Programmers are thinking of newer and better ways to integrate web resources into desktop applications, their own web applications, and other software. A software program known as Beagle, from the developers of the freely-licensed Gnome desktop, takes the concept of aggregating disparate resources to a new level. Beagle is not yet officially released with the Gnome desktop, but the code is under very active development.
Beagle tracks a computer user’s activities in applications such as email and instant messaging and attempts to derive—from keywords, file types, and other clues—the context of this activity. Then it scans old email, discussions, and documents, which it displays on the desktop for easy and timely retrieval.
For example, while a user drafts an email to a friend about a great new band, Beagle will pull up a list of music files by the band, previous emails that mention the band, and perhaps search results from Amazon about the band’s CDs.
In order to make the extension from email archives and the file system across the internet to Amazon and perhaps Wikipedia, Beagle developers must first determine which web resources will allow that kind of use. The Beagle developers have had good luck with Amazon because the company actively promotes web services for external use of their data.
Is leeching the best free sources can expect from third-party users?
There are plans for Beagle to support encyclopedia lookup features in the future. The developers can be sure licensing problems will not stop them if Beagle starts allowing contextual searches of Wikipedia’s vast repository of GFDL articles.
If Beagle has a profound influence on the attractiveness of Gnome (attractive Gnomes?), each third-party currently profiting from the free desktop system will receive a boost. Red Hat and Sun, who have already have successful profit strategies around Gnome, will indirectly benefit from Wikipedia. It will make their products an easier sell.
The Clusty search engine from Vivisimo, Inc. uses Wikipedia articles directly in their system. Clusty searches various data on the web and creates “clusters” of links to help organize query results. They mirror a complete copy of Wikipedia for this purpose.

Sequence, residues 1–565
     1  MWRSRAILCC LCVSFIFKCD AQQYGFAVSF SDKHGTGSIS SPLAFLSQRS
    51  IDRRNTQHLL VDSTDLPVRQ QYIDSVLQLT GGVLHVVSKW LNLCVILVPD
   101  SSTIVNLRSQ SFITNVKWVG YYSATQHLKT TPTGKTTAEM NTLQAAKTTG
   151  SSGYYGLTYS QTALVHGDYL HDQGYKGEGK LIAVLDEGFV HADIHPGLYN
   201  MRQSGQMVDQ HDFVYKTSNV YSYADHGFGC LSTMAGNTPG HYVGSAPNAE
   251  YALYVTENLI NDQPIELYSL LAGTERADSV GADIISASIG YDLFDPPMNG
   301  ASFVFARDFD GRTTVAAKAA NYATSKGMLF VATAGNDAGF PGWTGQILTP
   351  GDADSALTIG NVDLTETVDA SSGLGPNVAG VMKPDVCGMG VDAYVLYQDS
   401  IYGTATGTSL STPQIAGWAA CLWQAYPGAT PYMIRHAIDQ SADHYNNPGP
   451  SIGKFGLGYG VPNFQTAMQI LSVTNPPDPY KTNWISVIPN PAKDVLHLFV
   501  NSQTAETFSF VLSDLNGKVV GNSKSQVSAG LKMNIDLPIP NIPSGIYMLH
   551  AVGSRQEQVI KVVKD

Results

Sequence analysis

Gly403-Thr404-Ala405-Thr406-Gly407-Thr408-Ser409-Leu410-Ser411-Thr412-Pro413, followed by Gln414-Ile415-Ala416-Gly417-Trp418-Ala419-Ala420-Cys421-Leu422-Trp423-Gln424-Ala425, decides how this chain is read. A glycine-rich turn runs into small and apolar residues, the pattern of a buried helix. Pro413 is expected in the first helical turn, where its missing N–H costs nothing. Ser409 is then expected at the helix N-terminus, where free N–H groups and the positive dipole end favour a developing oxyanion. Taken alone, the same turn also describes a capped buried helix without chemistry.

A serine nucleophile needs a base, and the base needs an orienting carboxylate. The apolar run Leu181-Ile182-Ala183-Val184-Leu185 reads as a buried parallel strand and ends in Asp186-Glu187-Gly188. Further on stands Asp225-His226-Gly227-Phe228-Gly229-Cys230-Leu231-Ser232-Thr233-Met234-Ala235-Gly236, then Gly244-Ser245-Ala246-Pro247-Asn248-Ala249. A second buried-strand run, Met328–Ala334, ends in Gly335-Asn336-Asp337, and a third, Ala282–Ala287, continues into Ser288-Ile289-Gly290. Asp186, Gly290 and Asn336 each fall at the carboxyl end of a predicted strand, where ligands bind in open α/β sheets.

“Like the other information sources available on Clusty, Vivisimo’s clustering technology helps users find the desired results while discovering unexpected relationships,” Marco Arment, a software engineer at Vivisimo, said.
As an example, Arment explained that a search for “natural language processing” on Clusty will bring up the related articles with links to Wikipedia articles as well as related, clustered results. In one of the clusters is a link to the Association of Computational Linguistics which is something that does not appear in the Wikipedia article.
When a third-party improves upon the work of a free source, that innovation can be re-implemented into the original work. Arment believes third-party users often become contributors to the projects they borrow from and help in other ways. “Third-party use can also highlight new uses for the resources that the creators may not have considered, leading to future expansion and improvement,” Arment said.
Clusty provides a custom toolbar for the Firefox web browser. The toolbar interfaces with Clusty and allows right-clicking on any word in a given web page to access encyclopedia and dictionary “clips” related to the word. A definition or summary of encyclopedia entries pops up in a small window containing contextual links for that word.
Responsible third-party players will not be able to ignore this incentive to help sustain free sources
Arment thinks free sources provide Vivisimo with unique opportunities to innovate. “In addition to cost savings, free sources give us greater flexibility to use the data in innovative ways. If Wikipedia had a restrictive license, for example, licensing conditions and limitations may prevent us from presenting Clusty Clips with the Firefox toolbar,” he said.
“We’re providing additional value to the Wikipedia content by increasing its availability, and we have countless ideas for future expansion of this concept,” Arment said.
Despite the critics and because of their structure, free sources continue producing quality work. Value opportunities crop up around Wikipedia with no extra effort required by Wikipedia. All players are invited to explore the exploitation of these opportunities.
Because the economic value creation of these projects is not directed inward toward their own sustenance, should we worry that these projects will degrade? If that happens, the value third-parties rely on will degrade along with the project. Responsible third-party players will not be able to ignore this incentive to help sustain free sources.
As each new project proves it can at least exist—a low bar that some critics have seen as too high for the short legs of free sources—third-parties with different goals gain a stake in sustainability. They become part of the community in the same way contributors and users do.
As Marco Arment puts it, “Every third-party use of a free resource also lends credibility to both the resource itself and the ‘free’ concept in general.”